### Solid State Physics Lecture 17 of 20

July 6, 2012 by Sandro Scandolo

S. Scandolo, ICTP

Lesson 17 (Electronic transport in crystals)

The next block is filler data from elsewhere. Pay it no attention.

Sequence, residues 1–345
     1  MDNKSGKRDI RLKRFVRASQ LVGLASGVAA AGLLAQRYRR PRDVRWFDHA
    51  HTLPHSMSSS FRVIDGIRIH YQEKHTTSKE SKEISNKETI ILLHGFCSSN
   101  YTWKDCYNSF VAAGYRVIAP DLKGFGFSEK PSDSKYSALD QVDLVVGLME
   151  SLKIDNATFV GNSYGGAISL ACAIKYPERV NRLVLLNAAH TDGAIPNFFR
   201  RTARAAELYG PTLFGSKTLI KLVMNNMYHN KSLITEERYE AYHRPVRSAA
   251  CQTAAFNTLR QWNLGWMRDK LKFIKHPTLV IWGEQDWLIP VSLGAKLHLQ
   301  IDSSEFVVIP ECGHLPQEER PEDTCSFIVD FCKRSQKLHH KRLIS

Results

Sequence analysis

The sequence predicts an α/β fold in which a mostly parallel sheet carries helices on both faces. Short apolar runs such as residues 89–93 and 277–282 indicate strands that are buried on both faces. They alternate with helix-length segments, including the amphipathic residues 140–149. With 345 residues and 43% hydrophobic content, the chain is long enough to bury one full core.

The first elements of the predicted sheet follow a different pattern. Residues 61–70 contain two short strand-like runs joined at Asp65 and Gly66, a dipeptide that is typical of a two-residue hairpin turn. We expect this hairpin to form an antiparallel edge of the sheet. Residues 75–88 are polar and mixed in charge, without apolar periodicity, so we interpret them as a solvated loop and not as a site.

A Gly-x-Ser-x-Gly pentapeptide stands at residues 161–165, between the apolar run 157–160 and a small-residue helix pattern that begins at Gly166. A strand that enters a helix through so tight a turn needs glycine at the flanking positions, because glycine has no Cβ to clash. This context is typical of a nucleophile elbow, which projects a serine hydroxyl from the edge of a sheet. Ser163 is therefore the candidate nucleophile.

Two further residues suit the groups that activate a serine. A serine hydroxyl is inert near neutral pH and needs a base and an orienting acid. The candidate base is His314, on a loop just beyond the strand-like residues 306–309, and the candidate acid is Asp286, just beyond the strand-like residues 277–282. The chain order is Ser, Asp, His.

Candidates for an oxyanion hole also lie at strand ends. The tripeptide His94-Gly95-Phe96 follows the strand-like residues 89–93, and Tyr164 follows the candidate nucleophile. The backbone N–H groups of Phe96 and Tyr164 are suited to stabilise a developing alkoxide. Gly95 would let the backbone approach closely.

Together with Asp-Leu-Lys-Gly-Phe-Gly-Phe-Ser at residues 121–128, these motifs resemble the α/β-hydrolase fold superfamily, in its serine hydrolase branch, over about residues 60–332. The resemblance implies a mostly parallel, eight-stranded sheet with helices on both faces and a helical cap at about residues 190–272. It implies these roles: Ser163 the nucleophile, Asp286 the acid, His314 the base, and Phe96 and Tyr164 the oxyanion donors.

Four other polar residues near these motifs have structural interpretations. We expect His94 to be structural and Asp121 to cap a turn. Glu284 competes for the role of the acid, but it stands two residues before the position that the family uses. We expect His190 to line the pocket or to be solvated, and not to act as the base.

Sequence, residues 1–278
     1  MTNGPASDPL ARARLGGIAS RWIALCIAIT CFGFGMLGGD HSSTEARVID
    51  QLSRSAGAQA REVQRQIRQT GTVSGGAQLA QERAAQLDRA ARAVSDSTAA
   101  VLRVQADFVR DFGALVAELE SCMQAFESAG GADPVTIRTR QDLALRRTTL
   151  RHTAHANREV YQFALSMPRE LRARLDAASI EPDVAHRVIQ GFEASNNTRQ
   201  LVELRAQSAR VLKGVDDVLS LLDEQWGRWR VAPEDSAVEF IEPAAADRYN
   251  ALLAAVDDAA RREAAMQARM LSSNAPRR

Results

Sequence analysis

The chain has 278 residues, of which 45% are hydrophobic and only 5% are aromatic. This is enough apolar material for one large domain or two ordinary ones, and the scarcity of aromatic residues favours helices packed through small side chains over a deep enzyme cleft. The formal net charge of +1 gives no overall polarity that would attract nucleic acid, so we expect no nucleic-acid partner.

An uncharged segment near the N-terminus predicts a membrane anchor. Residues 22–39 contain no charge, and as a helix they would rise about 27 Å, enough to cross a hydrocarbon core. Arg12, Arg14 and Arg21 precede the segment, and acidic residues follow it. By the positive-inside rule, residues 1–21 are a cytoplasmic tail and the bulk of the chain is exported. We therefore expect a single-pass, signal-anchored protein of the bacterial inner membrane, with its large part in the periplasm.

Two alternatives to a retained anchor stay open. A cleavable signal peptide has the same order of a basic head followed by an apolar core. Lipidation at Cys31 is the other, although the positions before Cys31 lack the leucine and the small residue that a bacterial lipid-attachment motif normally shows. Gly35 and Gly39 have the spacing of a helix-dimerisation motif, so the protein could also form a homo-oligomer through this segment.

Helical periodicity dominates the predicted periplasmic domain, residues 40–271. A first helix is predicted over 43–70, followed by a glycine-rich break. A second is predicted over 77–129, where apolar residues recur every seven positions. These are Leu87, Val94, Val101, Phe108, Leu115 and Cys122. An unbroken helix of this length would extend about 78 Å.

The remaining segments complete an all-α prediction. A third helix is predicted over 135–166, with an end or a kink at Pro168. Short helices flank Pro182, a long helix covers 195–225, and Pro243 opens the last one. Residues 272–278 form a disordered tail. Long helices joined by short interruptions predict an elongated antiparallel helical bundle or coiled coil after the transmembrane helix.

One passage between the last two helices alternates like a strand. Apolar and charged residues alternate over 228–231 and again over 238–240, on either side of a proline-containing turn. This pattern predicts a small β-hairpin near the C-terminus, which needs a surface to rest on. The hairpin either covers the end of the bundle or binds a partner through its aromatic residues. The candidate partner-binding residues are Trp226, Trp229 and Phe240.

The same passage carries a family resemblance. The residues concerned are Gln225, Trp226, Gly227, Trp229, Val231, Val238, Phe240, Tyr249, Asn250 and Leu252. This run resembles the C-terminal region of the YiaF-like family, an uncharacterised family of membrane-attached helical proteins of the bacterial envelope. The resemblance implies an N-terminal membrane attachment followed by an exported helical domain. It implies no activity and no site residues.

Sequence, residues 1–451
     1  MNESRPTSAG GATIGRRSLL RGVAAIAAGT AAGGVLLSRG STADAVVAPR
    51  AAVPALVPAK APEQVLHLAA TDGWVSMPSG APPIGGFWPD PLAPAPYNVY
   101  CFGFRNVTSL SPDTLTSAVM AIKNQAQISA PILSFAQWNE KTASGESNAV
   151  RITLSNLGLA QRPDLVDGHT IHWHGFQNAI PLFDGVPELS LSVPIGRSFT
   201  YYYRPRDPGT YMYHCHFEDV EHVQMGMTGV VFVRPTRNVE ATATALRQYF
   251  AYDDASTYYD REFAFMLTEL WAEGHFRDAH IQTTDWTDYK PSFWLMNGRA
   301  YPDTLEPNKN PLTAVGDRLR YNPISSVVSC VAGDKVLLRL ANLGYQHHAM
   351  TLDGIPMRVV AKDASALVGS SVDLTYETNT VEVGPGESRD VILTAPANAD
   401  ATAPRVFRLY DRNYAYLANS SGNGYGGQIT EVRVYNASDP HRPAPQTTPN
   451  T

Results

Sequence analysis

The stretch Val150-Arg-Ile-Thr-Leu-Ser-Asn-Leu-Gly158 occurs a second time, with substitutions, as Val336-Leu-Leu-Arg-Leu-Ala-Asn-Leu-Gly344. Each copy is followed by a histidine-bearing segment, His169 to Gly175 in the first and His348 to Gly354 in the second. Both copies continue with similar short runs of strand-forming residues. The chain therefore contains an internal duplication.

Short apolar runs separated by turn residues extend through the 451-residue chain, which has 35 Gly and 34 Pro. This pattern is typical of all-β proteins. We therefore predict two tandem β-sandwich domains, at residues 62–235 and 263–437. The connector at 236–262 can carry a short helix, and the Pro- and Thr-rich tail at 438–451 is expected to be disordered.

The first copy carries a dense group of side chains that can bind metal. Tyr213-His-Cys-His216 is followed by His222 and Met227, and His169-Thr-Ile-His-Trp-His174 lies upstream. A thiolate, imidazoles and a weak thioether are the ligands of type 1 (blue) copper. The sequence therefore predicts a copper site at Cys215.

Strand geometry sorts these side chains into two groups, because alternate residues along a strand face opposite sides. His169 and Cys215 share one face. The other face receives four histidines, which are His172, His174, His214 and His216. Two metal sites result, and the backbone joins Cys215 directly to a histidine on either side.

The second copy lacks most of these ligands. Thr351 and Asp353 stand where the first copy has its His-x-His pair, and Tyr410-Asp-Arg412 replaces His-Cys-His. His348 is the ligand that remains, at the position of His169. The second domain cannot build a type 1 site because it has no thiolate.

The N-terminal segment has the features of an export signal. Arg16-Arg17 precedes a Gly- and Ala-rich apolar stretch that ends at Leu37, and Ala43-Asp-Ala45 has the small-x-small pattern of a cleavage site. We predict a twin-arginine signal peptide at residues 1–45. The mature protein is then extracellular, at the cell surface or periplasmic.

In the previous lecture, the rate of change of for an electron in a crystal in constant electric field was derived: . The goal is calculate the induced current: , with . We can see that if then the integral of gives zero because the occupied states (the ground state in this case) are distributed symmetrically around . The current is also zero if the band is filled completely as in this model when an electron exits at one end of the BZ it enters at the opposite side. This means that the same states are occupied at any given time. In this model, the current will be periodic with . We can also notice that the mean of the current is zero. (This is obviously wrong.) In order to understand electronic transport, we have to incorporate scattering into the model. (E.g. scattering of electrons on impurities, on other electrons, etc.) The time scale of scattering, , is a lot smaller than , so while the electric field moves the electrons away from the ground state, scattering holds them back. From these two opposite effects a qualitative picture of a new equilibrium of occupied states can be drawn: the ground state is shifted by . This gives a non-zero current as is not symmetric anymore and it goes as

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